New York City Mayor Bill de Blasio met with Democratic legislative leaders today in Albany, making his case that the Legislature should approve a tax increase on the rich to fund pre-kindergarten in the city.
De Blasio received rock-star treatment as he made his way through the halls of the Capitol, just hours before Gov. Andrew Cuomo will give his State of the State address.
The visit shows the battle that is to come: Cuomo hasn’t indicated support for taxing the rich, although he supports added funding for pre-k.
De Blasio visited privately with Assembly Speaker Sheldon Silver, D-Manhattan, and then spoke briefly at a breakfast held by the Independent Democratic Conference, which shares control with Republicans in the Senate.
Silver and the IDC members reiterated their support for the new mayor’s plans.
“His proposal to make sure that 50,000 four-year-olds have universial pre-k, making sure we have afterschool programs in all our middle schools in the city of New York is something we should have done a long time ago,” Klein said. “With his vision, with his ability, we’re going to get it done.”
De Blasio urged lawmakers to adopt his proposal, saying it’s not too much to ask the rich to pay a little more to fund the program for children.
“The people we’re asking to help, those who make $500,000 or more, they are doing very, very well,” de Blasio said. “I always suggest people look at the stock market to see how it’s doing lately. I assure you those who are wealthy are doing quite well. We’re asking them to do a little more so our children can finally get on the right track and we can rebuild that middle class.”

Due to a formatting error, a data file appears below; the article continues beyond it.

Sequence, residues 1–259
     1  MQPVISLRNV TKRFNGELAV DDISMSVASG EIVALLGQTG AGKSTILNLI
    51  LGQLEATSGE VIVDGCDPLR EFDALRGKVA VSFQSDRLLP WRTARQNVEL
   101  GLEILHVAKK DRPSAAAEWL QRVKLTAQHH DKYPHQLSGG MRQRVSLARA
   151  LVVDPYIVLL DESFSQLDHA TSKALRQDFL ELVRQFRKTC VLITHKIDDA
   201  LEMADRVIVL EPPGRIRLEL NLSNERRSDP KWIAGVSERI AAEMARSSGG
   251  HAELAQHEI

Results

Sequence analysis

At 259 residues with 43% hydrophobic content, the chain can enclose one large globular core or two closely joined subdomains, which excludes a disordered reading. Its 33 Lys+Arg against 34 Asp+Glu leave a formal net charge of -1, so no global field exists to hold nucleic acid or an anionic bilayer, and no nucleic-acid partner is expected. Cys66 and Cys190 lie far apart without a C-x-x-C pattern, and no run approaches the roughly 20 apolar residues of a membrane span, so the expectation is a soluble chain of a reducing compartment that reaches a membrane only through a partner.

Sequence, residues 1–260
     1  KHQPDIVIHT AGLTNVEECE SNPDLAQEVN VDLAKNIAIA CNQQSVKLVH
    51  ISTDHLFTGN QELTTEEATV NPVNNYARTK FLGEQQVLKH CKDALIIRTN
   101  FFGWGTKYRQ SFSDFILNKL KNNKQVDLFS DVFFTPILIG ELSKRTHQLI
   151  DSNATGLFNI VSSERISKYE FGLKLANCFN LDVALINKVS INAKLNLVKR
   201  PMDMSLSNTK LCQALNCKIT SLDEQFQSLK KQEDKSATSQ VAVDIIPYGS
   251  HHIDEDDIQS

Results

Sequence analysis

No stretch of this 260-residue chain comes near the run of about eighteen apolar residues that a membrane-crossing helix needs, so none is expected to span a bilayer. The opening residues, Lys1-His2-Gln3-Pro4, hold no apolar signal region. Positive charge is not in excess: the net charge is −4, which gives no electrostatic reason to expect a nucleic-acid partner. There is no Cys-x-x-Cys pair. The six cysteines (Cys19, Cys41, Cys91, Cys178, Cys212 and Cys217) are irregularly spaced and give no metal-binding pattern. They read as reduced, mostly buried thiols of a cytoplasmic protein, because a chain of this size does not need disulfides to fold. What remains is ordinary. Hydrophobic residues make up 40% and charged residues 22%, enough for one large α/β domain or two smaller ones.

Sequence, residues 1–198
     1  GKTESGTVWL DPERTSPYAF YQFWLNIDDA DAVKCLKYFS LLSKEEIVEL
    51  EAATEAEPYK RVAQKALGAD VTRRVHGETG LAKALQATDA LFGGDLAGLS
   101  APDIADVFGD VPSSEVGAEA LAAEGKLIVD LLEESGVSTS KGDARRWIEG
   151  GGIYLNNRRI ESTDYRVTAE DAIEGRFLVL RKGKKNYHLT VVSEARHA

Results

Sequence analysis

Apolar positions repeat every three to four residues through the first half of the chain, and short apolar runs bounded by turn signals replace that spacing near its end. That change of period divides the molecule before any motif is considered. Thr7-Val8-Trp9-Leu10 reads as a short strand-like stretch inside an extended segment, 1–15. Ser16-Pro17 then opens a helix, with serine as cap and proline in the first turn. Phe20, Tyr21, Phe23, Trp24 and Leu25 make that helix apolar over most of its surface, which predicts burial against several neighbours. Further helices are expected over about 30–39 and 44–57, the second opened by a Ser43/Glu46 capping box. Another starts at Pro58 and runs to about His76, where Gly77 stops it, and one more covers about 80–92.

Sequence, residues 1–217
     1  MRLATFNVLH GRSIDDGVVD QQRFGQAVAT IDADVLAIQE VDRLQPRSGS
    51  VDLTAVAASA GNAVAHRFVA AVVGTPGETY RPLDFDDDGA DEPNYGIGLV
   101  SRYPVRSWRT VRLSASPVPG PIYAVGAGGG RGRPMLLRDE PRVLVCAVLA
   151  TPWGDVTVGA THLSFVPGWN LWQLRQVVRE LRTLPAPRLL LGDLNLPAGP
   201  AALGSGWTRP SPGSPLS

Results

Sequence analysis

The plan faces uncertainty in the Legislature, with Republicans opposing it and Cuomo leery of raising taxes in his re-election year.
Silver said that school districts outside New York City can raise property taxes to fund schools. He said it’s a similar request the city is seeking for itself.
“We should give the mayor what he asks for,” Silver said.
De Blasio stressed that his top campaign pledge should not be dismissed in Albany, saying there’s an urgency in the city to help the middle class.
“We know we have to rebuild the middle class with a different set of tools than were necessary in the past,” he said. “And we have the methodology; we have the way of doing it right before our faces. It will take courage, it will take will, it will take focus.”
Cuomo may seek to fund at least a portion of pre-k through the budget, which will be released Jan. 21.
But de Blasio said the pre-k cost would be about $530 million a year, and, “We need the reliability and the constancy that this tax would provide.”
He said he spoke with Cuomo yesterday.